To quote Billy Joel:
Every child has a pretty good shot/To get at least as far as his old man got.
But something happened on the way to that place
They threw an American flag in our face.
Briefly, we have two new studies confirming that economic mobility has declined and that income distribution inequality is a major driver. For each decade since 1940, the number of children earning more than their parents (adjusting for everything) has steadily declined. 70% of those born in 1940 earned as much or more than their parents did over their working lives. From there, the numbers decline steadily -- with the exception of a brief bump up for children born between 1965 and 1975 (Gen X).
Why? Gen Xers entered the work force when the economy was booming in the 1990s. The 1990s was unusual in that we created an entire new sector of the economy, resulting in a significant expansion. It helps that middle age Boomers were also huge consumers and willing to take on ridiculous levels of credit card debt and housing debt, further expanding the economy. Also, while the industrial base in the Rust Belt was eroding, much of it was moving into southern states with no unions in the 1980s. It wasn't until about the mid-1990s that offshoring got serious.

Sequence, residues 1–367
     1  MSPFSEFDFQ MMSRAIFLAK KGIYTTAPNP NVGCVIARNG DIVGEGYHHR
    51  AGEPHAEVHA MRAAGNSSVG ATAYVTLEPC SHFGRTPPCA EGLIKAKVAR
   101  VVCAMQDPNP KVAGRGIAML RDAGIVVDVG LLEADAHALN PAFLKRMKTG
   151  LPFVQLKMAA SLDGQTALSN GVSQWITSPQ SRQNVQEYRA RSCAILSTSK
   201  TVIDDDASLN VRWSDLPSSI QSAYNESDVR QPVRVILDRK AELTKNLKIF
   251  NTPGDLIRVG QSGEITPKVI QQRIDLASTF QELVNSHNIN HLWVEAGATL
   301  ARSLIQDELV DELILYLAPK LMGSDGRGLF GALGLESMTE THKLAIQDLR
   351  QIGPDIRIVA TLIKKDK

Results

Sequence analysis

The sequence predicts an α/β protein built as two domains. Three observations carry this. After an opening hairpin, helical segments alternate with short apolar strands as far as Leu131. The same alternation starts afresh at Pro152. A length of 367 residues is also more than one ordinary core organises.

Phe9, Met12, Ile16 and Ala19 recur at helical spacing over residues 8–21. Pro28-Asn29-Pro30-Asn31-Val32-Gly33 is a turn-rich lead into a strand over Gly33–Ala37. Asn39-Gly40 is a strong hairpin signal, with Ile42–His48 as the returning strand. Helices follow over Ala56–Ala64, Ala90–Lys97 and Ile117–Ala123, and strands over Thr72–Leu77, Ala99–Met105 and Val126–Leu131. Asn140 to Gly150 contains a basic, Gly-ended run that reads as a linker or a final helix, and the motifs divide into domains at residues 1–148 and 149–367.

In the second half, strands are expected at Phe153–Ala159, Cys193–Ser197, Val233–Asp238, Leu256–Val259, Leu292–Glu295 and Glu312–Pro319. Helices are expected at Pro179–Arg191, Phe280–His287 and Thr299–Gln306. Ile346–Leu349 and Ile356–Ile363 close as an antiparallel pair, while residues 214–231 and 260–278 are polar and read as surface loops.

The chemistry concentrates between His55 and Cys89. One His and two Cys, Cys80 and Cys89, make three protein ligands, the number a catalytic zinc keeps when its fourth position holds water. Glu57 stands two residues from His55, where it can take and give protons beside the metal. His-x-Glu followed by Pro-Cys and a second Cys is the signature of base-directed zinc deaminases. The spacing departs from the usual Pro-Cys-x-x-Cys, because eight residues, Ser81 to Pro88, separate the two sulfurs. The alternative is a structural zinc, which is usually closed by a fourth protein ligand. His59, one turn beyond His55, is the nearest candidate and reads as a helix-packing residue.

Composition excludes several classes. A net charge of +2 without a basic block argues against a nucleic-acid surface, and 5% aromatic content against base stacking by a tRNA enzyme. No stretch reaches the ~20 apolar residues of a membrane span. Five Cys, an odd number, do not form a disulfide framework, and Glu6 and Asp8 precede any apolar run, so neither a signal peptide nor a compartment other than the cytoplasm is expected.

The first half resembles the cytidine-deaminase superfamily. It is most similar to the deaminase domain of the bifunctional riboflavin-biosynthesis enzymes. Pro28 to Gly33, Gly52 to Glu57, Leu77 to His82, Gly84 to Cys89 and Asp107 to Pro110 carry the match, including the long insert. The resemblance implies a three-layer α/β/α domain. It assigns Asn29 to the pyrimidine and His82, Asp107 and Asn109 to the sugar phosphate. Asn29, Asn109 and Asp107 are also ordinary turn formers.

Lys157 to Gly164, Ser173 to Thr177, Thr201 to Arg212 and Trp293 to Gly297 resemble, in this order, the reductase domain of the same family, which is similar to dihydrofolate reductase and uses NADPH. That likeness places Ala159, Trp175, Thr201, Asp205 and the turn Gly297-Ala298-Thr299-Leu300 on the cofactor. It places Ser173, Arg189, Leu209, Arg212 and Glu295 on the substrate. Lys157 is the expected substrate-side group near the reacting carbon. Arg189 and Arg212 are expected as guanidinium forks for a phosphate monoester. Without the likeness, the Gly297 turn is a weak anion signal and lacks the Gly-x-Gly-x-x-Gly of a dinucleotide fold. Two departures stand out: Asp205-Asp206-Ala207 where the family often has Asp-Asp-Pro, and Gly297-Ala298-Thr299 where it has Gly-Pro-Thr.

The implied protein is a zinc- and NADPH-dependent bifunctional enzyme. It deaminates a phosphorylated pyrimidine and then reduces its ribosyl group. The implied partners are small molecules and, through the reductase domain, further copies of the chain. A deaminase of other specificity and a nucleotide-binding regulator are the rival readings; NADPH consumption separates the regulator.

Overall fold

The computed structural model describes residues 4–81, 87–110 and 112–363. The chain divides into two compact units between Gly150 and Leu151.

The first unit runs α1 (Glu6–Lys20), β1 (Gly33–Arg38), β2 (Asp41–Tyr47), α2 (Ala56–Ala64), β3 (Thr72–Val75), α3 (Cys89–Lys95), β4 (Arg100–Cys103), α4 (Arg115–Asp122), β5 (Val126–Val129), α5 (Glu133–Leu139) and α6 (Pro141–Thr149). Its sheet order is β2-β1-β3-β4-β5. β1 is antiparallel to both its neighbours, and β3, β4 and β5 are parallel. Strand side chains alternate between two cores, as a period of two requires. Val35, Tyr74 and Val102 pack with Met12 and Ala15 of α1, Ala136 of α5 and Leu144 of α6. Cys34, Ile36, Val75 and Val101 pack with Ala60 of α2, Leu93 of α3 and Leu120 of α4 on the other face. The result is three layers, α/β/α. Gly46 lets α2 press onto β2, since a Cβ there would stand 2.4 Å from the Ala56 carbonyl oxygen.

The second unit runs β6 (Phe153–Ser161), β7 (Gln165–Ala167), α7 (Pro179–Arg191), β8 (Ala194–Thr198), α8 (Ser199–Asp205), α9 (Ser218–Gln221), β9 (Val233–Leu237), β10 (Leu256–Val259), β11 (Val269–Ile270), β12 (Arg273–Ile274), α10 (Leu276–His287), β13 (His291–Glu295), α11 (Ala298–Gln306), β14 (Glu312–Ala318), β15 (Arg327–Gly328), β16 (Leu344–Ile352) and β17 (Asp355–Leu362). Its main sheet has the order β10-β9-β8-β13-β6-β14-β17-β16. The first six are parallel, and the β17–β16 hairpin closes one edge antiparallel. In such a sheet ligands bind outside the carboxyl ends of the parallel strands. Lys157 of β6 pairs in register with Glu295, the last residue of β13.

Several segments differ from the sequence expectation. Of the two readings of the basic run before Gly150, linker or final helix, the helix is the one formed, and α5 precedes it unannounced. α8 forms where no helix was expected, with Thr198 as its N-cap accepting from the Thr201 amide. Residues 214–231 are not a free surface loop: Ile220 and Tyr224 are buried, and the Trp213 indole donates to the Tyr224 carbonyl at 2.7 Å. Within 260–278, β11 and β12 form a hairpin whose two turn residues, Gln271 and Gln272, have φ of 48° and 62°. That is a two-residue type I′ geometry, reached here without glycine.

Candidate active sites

The research tracks with wealth inequality, which means both that the economy overall shrinks and that fewer people capture more of the wealth. These are related phenomena.
For me, it means recalibrating some of the factors that go into my theory of the demographic snake. The bump up in Gen X income may explain the distribution of political and social trends among Gen Xers as a transition generation to Millenials. It may scew some of the trend lines that I expect to manifest in 10 years to a 15-20 year timeline. The problem is I need much better stats and much better analysis than I have. I simply don't know enough advanced statistics and demographics. I have reached a limit on my amature poking around.